Using the algorithm has several major strengths. Using the algorithm makes it is possible to determine recurrence and disease-free survival for larger groups of patients. So far, it has been possible to determine the incidence of recurrence only by reviewing the patients’ medical records. This is time consuming and limits the possible sample size. With the algorithm, it will be possible to perform large register-based studies with recurrence and disease-free survival as primary outcomes, making it possible to assess the effect of changes in various treatment methods. This is valuable, especially in the light of the fact that more patients survive recurrent colorectal cancer for longer periods of time [2, 3]. The algorithm integrates information from various sources, which increases the chances of identifying recurrence even if it has not been identified correctly in one of the registers.

The algorithm also has some design limitations. All patients diagnosed with another cancer before colorectal cancer surgery, except non-melanoma skin cancer, are excluded from the algorithm. This is done because in the registers the diagnosis codes for metastases do not specify which primary cancer caused the metastasis. As survival after other types of cancer also improves, this may prove a challenge in the future. In addition, patients with metastatic disease at the time of surgery or within 180 days after surgery are excluded even if this metastasis has successfully been removed and the patient clinically is considered disease free.
It is still possible that a patient was clinically or radiologically diagnosed with a metastasis but that no biopsy was taken, and no treatment was initiated. If the clinician mistakenly did not register an ICD-10 code for metastasis, it would not be identified through the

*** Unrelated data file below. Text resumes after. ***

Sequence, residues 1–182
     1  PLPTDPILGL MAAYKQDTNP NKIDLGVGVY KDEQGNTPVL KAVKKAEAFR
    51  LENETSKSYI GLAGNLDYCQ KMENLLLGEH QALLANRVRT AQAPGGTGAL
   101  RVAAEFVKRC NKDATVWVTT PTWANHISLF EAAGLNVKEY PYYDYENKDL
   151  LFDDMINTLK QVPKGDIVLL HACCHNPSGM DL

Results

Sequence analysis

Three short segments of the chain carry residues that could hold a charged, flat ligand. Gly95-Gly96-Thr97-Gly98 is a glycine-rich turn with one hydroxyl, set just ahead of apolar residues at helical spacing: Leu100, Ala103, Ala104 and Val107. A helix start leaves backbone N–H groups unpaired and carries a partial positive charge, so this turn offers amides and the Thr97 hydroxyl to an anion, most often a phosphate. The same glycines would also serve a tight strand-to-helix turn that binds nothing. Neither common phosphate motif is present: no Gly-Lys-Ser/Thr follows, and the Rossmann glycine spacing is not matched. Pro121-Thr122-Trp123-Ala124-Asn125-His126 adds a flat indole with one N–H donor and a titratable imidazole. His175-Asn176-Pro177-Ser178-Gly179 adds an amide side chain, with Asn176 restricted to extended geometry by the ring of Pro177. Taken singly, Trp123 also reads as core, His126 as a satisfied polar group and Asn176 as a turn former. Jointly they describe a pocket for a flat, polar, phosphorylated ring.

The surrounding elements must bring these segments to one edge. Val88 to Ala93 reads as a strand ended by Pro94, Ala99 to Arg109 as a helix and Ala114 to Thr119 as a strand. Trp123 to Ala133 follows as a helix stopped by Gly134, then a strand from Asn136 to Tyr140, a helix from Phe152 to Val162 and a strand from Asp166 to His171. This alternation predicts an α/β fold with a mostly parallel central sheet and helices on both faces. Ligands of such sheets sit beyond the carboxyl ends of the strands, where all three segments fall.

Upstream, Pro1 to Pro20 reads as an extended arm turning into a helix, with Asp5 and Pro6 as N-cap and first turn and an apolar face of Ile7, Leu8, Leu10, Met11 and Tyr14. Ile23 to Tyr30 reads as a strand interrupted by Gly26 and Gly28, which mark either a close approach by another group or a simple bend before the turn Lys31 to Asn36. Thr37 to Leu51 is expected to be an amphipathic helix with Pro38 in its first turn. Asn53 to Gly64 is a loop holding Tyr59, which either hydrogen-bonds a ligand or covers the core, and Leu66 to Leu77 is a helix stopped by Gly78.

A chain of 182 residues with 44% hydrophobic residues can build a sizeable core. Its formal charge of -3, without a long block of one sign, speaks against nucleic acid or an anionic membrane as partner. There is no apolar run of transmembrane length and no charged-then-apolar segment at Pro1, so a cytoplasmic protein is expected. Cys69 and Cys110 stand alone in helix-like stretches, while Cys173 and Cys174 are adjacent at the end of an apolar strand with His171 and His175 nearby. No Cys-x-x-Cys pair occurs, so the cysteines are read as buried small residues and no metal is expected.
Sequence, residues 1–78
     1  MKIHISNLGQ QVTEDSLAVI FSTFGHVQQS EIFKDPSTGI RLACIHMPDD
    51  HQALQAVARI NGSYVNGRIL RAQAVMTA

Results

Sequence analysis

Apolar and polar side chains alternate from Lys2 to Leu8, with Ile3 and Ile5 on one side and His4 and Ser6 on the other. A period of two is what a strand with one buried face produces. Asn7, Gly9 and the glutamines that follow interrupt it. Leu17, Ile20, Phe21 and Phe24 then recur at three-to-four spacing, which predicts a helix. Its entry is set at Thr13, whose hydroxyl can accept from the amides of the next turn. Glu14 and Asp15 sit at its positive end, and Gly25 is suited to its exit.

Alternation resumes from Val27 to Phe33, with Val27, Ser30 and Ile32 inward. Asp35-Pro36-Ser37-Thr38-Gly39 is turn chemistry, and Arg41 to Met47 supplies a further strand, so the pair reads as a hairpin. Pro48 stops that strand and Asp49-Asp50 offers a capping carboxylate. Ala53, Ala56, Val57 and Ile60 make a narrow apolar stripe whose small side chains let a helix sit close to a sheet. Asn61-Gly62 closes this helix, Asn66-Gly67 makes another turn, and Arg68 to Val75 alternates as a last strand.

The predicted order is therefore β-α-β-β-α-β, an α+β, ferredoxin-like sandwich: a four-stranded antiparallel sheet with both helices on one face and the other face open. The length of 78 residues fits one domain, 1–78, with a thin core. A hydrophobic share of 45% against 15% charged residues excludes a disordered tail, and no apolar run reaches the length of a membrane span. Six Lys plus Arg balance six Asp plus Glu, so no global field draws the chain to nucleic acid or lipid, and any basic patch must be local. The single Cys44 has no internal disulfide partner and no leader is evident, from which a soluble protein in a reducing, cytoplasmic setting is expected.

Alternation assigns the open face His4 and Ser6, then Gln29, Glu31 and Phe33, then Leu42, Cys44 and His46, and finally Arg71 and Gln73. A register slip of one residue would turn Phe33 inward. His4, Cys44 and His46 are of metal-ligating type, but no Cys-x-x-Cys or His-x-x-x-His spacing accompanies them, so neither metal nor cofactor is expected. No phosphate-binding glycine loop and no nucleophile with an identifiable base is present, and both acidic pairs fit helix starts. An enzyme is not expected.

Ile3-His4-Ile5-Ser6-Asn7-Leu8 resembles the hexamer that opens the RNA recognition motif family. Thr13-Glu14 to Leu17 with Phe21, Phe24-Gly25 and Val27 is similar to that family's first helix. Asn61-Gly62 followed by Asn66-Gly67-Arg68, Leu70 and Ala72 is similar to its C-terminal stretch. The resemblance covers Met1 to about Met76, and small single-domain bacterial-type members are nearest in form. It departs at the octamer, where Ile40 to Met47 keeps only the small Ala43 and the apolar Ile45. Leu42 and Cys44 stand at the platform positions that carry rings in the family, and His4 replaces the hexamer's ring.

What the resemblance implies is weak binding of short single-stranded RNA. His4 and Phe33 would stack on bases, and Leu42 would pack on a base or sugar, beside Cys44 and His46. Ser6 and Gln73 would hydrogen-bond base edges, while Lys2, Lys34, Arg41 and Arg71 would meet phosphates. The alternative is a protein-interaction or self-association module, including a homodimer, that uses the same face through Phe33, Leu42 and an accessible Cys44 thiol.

algorithm. Also, the algorithm does not distinguish
between local recurrence and distant metastasis. Especially when examining results after rectal cancer surgery, this would have been an advantage.

When using the algorithm, recurrence was defined as metastatic disease or local recurrence after the first 180 days postoperatively. The 180-day limit was chosen arbitrarily. This was done because metastases diagnosed within the first 180 days may represent metastases already present at the time of surgery, but which had not been diagnosed at that time. In the former study, this time limit was not used, and six patients were identified as having recurrent disease within the first 180 days. These patients ought to have been excluded by the algorithm. Two of them were identified by the algorithm as having recurrent disease after the first 180 days. It is to be expected that time of recurrence will be somewhat later when identified by the algorithm than when going through the medical records. Clinical or radiological signs of recurrence are usually mentioned in the medical records before the actual registration of the diagnosis code is done.

The primary strength of this validation study lies in the completeness of access to medical records for the 500 rectal cancer patients from all regions of Denmark. In this manner, it was possible to compare recurrences as they have been determined until now with this new algorithm.

A limitation of the study was that the purpose of reviewing the medical records in the first place was not to validate the algorithm. The decision to validate the algorithm was made after the data extraction for the former study [8] was finished. Although the primary study was performed to identify recurrences, one problem was that when assessing the medical records, it was not explored if the patient had had another primary tumour before his or her colorectal cancer. Ideally, this information would have been available. If this information had been available, it would have been possible to exclude these patients from the medical record cohort separately and then subsequently compare the two groups. Without this information, it was necessary to use only the algorithm to exclude all patients with a primary tumour before colorectal cancer surgery and within the first 180 days.


The algorithm was found to be suitable and effective in identifying patients with and without recurrence after surgery for rectal cancer. Using this algorithm makes it possible to use recurrence and disease-free survival as endpoints in large register-based studies. Further studies should aim to modify the algorithm so that it may also be used in studies of other types of cancer and to distinguish between local recurrences and distant

CORRESPONDENCE: Emilie Palmgren Colov.

ACCEPTED: 8 August 2018

CONFLICTS OF INTEREST: none. Disclosure forms provided by the authors are available with the full text of this article at